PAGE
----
What can chairs do to increase the value teaching evaluations offer to faculty?  Read “Things I Wish My Department Chair Would Say about Teaching” at http://www.facultyfocus.com/articles/teaching-professor-blog/things-i-wish-my-department-chair-would-say-about-teaching/?utm_campaign=Faculty+Focus&utm_source=hs_email&utm_medium=email&utm_content=26102224&_hsenc=p2ANqtz-_vL0fgHuNIyUfJN3XgIpl7Dv4qLx-FrxkdxVojwFAHyzAHdACtZuLhUxkhLmojaPt1w_nwLbWEEoTZkAnloVQrUAoWPdmXhFds16fqw06uaCJuM6w&_hsmi=26102224 for some practical ideas

Great step-by-step tutotial:

Be More Explicit

Posted: February 10, 2016 by broadyesl in collaboration, communication, leadership, Uncategorized

Read “How to ensure clarity in your communication” at http://www.bizjournals.com/bizjournals/how-to/growth-strategies/2016/02/how-to-ensure-clarity-in-your-communication.html?page=all to find examples for clear and unclear communication.

A keen observer can glean much from about anything around herself about how to be an effective leader.  According to “Surprising ways to become a better leader” at http://smartblogs.com/leadership/2016/02/09/surprising-ways-to-become-a-better-leader/, some of the areas are the arts, sports, gardening, volunteer work, nature, and family and friends.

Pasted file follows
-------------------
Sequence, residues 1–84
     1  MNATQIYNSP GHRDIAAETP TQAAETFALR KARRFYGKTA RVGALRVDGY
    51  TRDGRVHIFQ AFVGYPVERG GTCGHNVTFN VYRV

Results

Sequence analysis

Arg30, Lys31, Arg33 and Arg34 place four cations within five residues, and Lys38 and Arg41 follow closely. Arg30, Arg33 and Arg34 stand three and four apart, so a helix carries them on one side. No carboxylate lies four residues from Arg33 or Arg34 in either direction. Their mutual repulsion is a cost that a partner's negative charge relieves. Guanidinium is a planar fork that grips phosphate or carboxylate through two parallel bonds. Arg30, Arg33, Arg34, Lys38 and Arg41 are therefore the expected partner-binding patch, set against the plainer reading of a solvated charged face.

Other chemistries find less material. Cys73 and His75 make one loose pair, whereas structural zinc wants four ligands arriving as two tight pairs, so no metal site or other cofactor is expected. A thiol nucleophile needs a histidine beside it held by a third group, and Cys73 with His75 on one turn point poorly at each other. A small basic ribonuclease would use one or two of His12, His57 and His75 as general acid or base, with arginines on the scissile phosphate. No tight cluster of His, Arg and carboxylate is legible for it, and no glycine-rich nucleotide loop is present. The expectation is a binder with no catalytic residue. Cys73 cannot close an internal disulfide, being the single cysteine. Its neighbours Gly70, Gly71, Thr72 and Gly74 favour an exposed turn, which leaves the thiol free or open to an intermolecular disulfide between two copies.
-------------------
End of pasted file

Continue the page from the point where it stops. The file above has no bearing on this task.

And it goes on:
What is it?  How do you do it?  It is achievable?

Read this free bookletIHE-Rise-of-CBE-Booklet

Why is it That Most Students Prefer Paper Books?

Posted: February 7, 2016 by broadyesl in ebook, Uncategorized

And I agree with their opinion since I mostly read paper books over e-versions.  I just cannot find the same enjoyment with e-readings… Read more here in “92 Percent of Students Prefer Paper Books Over E-Books: Survey” at http://www.nbcnews.com/tech/tech-news/92-percent-students-prefer-paper-books-over-e-books-survey-n511371?cid=sm_fb

Read “7 Tips for Creating Memorable Learning Experiences”  at https://thejournal.com/articles/2016/01/27/7-tips-for-creating-memorable-learning-experiences.aspx

to find some practical ideas, such as in this excerpt from the original publication:

Hurley’s tips for Great Projects:

  1. The first great project Hurley discovered was packing an egg so it could drop from the stadium and not break. Why not do something similar?
  2. Say, “Here is what I want you to learn.” Let students figure it out as much as possible.
  3. Don’t praise students too much so they know they earned it.
  4. Students forget things over the summer. Get them to build a video library of things they are supposed to remember.
  5. The quality of their work will improve when they start praising each other’s work. “When students know that others will see their work, they want it to be good,” Hurley said. “When it’s just the teacher, they want it to be good enough.”
  6. Have them watch videos others have made to get ideas.
  7. Remember that kids want to know they can make a difference.